Do Albino Alligators Haunt New York’s Sewers?

31 12 2007

                                                                 “It is thought clumsy holidaymakers brought several of the beasts back from Florida without realising how big they would grow – and simply flushed them down the toilet.

Urban Legend has it that the discarded alligators bred underground – turning white because of the lack of sunlight – and formed their own communities beneath the streets of the Big Apple.

Many may even have lost their eyesight and all their skin pigment to become full albinos – with clear white scales and pink eyes.

Of course, whether or not albino alligators are really patrolling the drains in New York – without ever being spotted – will always be the stuff of legend.

However albino alligators do actually exist. White alligator with red eyes can be found in the wild – although it is thought less than 30 remain worldwide.”



The Albino Year in Review – UNT

30 12 2007

This year, baristas debuted the Albino Squirrel, a new white chocolate coffee drink, along with a tribute collage of University of North Texas student Amanda Nordstrum’s photos of “Baby,” the second known albino squirrel to live on campus.Although a student group, the Albino Squirrel Preservation Society, pledged to look after Baby, the little squirrel was killed by a hawk last year. As the school’s unofficial mascot, the albino squirrels reportedly bring good luck to students who see them on exam days.


Olney IL: Population of white squirrels explodes

29 12 2007

The 29th year of counting gray and albino squirrels in Olney showed a large increase in the number of white squirrels.

The count was headed by Chris Mathews, biology instructor at Olney Central College, and Olney City Clerk Belinda Henton.

During the three weeks of the count, there were approximately 66 volunteers counting squirrels and cats, consisting of students from Olney Central College, Bridgeport Science Club and volunteers from the community.

The annual squirrel count was held at 7:30 a.m. October 13, 20 and 27.

Upon averaging data from the three counting dates, there were 872 gray squirrels, 141 albino squirrels, 18 fox squirrels and 93 cats. Compared to 2006, the gray squirrels increased 17.73 percent; the albino squirrels increased 47.38 percent; and the cats decreased by 2.11 percent. The gray to albino ratio in 2006 was 7.77 to 1; the gray to albino ratio in 2007 of 6.21 to 1 was an encouraging improvement.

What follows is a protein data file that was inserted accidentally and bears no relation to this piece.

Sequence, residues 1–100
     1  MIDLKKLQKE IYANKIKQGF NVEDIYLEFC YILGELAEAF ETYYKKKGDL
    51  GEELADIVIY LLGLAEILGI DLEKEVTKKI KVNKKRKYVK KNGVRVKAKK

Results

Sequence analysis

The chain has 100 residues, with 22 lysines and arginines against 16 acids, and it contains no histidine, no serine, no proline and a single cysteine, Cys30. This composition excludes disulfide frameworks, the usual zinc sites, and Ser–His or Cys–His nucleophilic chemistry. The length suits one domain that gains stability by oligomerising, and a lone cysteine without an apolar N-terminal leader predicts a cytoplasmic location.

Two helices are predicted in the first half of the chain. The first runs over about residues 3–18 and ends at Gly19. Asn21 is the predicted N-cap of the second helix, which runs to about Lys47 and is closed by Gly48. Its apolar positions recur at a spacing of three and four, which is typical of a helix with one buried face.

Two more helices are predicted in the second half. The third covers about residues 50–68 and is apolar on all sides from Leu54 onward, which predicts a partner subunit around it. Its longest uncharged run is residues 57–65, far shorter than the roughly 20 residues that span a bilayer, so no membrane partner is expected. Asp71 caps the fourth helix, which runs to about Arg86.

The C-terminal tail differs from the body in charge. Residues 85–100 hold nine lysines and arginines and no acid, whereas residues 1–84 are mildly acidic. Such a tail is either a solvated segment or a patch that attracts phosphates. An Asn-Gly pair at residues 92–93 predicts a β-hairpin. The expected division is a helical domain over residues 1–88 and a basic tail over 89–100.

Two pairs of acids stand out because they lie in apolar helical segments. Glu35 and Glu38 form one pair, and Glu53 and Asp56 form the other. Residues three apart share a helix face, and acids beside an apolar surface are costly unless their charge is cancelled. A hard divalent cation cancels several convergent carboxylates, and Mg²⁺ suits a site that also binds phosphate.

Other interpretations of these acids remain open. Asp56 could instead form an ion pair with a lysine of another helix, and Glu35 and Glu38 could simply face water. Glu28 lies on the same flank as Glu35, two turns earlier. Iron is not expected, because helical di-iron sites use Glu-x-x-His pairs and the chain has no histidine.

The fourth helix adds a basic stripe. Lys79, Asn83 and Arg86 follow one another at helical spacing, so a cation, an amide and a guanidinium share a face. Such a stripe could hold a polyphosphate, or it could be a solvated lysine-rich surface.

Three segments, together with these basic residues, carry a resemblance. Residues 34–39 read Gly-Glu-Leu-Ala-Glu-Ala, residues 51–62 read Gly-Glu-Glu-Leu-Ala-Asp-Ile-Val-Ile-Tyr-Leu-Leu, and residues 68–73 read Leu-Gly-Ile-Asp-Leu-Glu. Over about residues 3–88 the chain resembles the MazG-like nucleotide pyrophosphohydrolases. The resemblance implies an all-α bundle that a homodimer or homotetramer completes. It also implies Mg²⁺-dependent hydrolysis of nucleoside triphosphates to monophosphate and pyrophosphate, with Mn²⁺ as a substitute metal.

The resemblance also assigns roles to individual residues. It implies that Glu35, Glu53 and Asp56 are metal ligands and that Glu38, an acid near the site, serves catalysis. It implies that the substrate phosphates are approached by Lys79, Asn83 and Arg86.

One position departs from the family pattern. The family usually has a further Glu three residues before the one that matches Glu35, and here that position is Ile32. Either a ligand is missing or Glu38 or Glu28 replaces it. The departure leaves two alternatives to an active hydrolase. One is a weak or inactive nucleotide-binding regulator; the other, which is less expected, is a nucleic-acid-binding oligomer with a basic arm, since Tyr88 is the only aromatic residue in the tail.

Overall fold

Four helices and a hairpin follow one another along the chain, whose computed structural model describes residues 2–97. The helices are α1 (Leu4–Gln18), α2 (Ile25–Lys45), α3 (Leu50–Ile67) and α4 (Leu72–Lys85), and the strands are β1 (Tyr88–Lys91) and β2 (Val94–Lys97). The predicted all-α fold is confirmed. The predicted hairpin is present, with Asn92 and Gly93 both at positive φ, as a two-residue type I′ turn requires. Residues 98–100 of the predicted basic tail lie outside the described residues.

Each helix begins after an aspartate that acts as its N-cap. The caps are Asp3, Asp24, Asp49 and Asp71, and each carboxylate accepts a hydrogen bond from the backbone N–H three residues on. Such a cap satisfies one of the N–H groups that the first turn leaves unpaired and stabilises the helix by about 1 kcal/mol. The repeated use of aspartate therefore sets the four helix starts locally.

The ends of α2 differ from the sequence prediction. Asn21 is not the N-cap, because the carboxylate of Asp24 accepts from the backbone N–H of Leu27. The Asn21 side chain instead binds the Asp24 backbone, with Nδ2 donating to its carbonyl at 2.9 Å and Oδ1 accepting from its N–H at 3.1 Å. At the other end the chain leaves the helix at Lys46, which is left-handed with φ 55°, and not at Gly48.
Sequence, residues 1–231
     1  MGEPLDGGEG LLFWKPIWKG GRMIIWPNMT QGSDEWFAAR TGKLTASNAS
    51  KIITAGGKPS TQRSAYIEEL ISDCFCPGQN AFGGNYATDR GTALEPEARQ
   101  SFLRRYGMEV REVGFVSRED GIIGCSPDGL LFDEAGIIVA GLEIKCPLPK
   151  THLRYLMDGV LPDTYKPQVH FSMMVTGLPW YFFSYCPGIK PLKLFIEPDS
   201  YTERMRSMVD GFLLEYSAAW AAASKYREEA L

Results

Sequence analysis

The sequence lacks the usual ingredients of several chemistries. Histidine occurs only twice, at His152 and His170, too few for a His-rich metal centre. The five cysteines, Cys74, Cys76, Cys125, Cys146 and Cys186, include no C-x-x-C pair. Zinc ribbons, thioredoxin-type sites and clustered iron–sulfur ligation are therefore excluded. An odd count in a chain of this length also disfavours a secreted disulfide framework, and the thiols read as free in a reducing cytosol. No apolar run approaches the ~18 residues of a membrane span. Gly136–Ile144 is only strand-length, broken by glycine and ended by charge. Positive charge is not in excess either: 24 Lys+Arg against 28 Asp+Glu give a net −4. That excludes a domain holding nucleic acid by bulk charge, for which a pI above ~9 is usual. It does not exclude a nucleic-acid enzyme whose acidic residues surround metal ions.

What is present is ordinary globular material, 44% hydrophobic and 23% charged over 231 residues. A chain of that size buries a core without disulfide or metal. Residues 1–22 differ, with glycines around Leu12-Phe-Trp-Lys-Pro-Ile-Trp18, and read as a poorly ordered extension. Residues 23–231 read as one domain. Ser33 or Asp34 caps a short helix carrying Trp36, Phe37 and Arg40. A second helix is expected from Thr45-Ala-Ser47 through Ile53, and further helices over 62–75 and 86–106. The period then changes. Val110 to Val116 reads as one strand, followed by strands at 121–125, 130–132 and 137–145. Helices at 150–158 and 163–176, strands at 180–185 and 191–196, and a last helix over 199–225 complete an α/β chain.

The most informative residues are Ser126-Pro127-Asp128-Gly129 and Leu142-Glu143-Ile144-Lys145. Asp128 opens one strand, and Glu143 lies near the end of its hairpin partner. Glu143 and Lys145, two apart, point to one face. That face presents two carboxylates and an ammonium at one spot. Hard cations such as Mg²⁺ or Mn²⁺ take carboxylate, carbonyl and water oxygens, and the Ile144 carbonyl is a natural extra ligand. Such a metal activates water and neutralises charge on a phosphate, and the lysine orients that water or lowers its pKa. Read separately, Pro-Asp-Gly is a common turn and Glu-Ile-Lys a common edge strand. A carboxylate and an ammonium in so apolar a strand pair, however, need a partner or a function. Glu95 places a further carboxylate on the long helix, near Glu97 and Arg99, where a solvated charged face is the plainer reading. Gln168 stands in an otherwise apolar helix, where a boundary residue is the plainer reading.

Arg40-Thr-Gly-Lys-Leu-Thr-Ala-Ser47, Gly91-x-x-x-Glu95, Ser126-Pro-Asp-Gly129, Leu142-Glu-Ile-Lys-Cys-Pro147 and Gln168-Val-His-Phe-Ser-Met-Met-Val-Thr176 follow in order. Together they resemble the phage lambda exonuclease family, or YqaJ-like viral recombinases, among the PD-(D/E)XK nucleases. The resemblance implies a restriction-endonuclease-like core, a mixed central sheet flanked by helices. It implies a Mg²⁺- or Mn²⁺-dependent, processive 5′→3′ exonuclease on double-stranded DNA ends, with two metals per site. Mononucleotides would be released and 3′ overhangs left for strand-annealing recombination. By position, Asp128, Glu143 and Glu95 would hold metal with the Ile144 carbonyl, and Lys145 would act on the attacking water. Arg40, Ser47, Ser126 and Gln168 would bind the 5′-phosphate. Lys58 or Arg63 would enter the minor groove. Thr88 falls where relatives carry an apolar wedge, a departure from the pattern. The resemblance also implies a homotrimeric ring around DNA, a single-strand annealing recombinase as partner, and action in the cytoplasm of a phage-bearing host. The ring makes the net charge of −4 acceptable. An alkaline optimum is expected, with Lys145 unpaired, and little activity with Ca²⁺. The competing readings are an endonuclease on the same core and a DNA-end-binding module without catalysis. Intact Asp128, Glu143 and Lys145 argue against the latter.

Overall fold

Of the three weeks counted, the highest count for gray and white squirrels and cats was October 20. It was a sunny day with a temperature of 52 degrees at the beginning of the count.

This year, two visitors from the Chicago area came to Olney for the purpose of helping count squirrels. They enjoyed seeing the white squirrels and shared their enthusiasm for squirrels.

Some suggestions on ways to encourage the population are:

Feed and water the squirrels generously. This is essential.

While driving, be watchful of squirrels near the roadway and slow down in areas of large concentrations of squirrels. Many of these areas are marked with “Squirrel Crossing” signs.

Predators such as cats need to be controlled. Chapter 6 of the City of Olney Municipal Code restricts dogs and cats from running at large. This chapter also protects squirrels from being captured, trapped or harassed.

More nut and fruit trees need to be planted to help with a natural food source. Mature nut trees act as a grocery store for the squirrels that is only open for a short period of time during year.

Additional squirrel houses would help house the squirrels in severe weather and while raising their young.

Avoid cutting down trees during the times in which babies are in their nests. Squirrels are usually born in February or March and do not leave their nests until May. Another litter is usually born in July or August and do not leave until October. It possible, avoid cutting trees in February, March, April, July, August and September.

If a baby squirrel appears to be abandoned by its mother, residents are asked to leave it for a period of time because it might be possible to reunite the baby with its mother. A wildlife rehabilitator should be called for assistance.

Belinda Henton continues to hold a Wildlife Rehabilitation Permit through the Illinois Department of Natural Resources and can be contacted concerning orphaned white squirrels.

Albino Tawny Frogmouth

29 12 2007

This unusual Albino Tawney Frogmouth sits next to a normal Tawny Frogmouth he has made friends with in the aviary. He was found on the ground in a caravan park in Byron Bay with people
shooing him aside to get by.


Partial Albino Bald Eagle

29 12 2007

This photograph was taken by Jack Hodges at Chikat River 35 years ago.

Albino animals montage video

29 12 2007

Albino squirrel “radioactive”?

29 12 2007

One caller reported a radioactive squirrel, which turned out to be an albino…